The Strength of Steel in Bridges

Steel’s inherent strength, light weight, versatility, and high recycled content make it ideal and the most sustainable choice for bridge projects.

Steel’s high strength-to-weight ratio makes it an ideal choice for long spans.

Offsite steel fabrication enhances project efficiency, reduces construction periods, and lowers costs.

Lighter steel structures attract lower seismic forces.

The CISC Quality Certification program for bridges ensures the highest quality and safety standards for your project

Download our Strength of Steel in Bridges Flyer (PDF)

Port Mann Bridge

The Port Mann Bridge Highway 1 project was tendered in 2007 as part of the Gateway Program in Vancouver, B.C. The project was part of the B.C. government’s program to upgrade the transportation network in the Vancouver Region in order to ease congestion on Hwy 1. The scope of the project included upgrading approximately 37 kilometres of highway, including the existing bridge crossing of the Fraser River. The project called for doubling the capacity over the river, expanding the five-lane facility to 10 lanes.Port Mann Bridge main span Canron Western Constructors LP live up to the challenges

Dawson Bridge Rehabilitation, Alberta

Innovative steel deck turns historic bridge into modern world leader While Edmonton’s Dawson Bridge has been in service for nearly 100 years, innovative technology used in its recent rehabilitation has turned it into a modern world leader. The five-span riveted steel through-truss bridge was originally built to carry electric trains to a coal mine on the east bank of the North Saskatchewan River. Later converted to carry automobiles, the bridge currently accommodates 17,000 vehicles per day along with significant pedestrian and cyclist traffic. After almost a century of use, the bridge needed significant repair [...]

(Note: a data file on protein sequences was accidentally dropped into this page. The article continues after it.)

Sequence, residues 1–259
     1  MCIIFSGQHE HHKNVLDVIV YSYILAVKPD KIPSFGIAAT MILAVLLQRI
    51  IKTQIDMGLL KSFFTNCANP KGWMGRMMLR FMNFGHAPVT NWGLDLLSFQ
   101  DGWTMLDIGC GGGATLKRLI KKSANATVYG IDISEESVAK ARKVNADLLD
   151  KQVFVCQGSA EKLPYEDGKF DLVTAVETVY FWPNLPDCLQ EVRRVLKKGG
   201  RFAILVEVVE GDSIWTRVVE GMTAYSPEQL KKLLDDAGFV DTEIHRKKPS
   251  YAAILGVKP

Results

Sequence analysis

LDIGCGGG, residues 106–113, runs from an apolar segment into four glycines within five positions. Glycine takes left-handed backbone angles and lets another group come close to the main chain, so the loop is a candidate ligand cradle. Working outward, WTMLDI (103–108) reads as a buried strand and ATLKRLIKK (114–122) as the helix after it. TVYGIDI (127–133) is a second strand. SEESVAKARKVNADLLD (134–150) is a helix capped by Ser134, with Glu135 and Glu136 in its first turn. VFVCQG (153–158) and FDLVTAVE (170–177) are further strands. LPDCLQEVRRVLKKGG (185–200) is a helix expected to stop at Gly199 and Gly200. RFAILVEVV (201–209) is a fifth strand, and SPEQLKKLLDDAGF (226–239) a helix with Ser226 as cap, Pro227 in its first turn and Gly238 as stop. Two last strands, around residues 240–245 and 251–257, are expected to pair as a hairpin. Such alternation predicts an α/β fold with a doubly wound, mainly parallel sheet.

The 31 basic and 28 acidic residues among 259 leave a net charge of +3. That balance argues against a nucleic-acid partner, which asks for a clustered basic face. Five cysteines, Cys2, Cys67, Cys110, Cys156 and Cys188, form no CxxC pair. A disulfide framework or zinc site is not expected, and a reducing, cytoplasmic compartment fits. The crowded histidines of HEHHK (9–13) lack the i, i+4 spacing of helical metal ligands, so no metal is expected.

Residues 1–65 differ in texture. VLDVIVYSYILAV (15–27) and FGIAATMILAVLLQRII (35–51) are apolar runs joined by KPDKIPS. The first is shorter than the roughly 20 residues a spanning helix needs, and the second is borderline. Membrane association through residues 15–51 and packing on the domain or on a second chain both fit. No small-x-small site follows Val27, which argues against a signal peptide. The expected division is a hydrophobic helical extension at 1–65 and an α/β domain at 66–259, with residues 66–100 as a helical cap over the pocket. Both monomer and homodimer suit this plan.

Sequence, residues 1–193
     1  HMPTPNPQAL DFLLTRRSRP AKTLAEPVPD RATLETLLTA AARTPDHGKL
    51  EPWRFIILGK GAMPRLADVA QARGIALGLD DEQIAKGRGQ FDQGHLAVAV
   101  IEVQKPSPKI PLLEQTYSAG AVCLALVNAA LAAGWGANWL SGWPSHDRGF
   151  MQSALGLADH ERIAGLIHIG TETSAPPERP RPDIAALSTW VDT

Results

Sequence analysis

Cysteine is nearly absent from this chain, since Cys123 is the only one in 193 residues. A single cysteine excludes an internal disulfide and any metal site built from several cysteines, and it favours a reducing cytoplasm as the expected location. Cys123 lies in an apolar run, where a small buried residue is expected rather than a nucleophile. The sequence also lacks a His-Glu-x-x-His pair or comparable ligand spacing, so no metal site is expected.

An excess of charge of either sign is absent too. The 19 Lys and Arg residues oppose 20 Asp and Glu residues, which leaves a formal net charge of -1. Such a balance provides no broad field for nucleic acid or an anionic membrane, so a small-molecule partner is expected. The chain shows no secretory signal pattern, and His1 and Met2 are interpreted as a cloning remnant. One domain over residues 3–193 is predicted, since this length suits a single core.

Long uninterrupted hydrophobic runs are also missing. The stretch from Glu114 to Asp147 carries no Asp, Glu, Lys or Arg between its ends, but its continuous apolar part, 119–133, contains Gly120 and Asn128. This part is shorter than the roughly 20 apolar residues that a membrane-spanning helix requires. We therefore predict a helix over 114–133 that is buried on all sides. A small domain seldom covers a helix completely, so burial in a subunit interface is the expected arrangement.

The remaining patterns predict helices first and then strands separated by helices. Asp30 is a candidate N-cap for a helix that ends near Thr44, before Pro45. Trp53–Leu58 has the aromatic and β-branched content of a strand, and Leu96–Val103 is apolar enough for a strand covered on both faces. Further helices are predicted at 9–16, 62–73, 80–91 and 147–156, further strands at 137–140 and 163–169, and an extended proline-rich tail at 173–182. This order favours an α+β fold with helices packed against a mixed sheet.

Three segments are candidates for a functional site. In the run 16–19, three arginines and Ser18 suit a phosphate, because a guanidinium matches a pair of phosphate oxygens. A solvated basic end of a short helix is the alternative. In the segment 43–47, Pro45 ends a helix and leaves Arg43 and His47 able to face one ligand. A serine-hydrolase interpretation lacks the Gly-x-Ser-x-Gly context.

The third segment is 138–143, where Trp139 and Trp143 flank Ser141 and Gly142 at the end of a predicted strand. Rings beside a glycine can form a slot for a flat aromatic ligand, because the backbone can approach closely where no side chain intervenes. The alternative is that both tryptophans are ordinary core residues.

Lee’s Avenue Bridge

Project Description The Lee’s Avenue Underpass consists of two rising, curved, trapezoidal girder lines, spanning over an 86.8m opening over Highway 417 in Ottawa. The structure was erected onto off-site temporary shoring. A concrete deck was formed & poured on the erected steel on temporary shoring. Self propelled modular transporters (SPMTs) lifted the poured structure off the temporary shoring and travelled this large structure to its final location during the allotted shut-down time. At 2100 tonnes, the bridge is the heaviest bridge to be erected by rapid replacement over a highway in North America. [...]

Chukuni River Bridge Replacement

Project Description Key features of the Chukuni River Bridge design included: The use of a single span structure resulted in the elimination of pier construction in the water. This minimized environmental and approval impacts and also reduced the construction cost and schedule; The replacement of the bridge on the existing alignment avoided unnecessary road works, property acquisition and mitigates environmental impacts; The use of staged construction while maintaining one lane of traffic avoided the need for a temporary modular bridge and associated costs. Construction traffic was maintained in a one lane operation using temporary [...]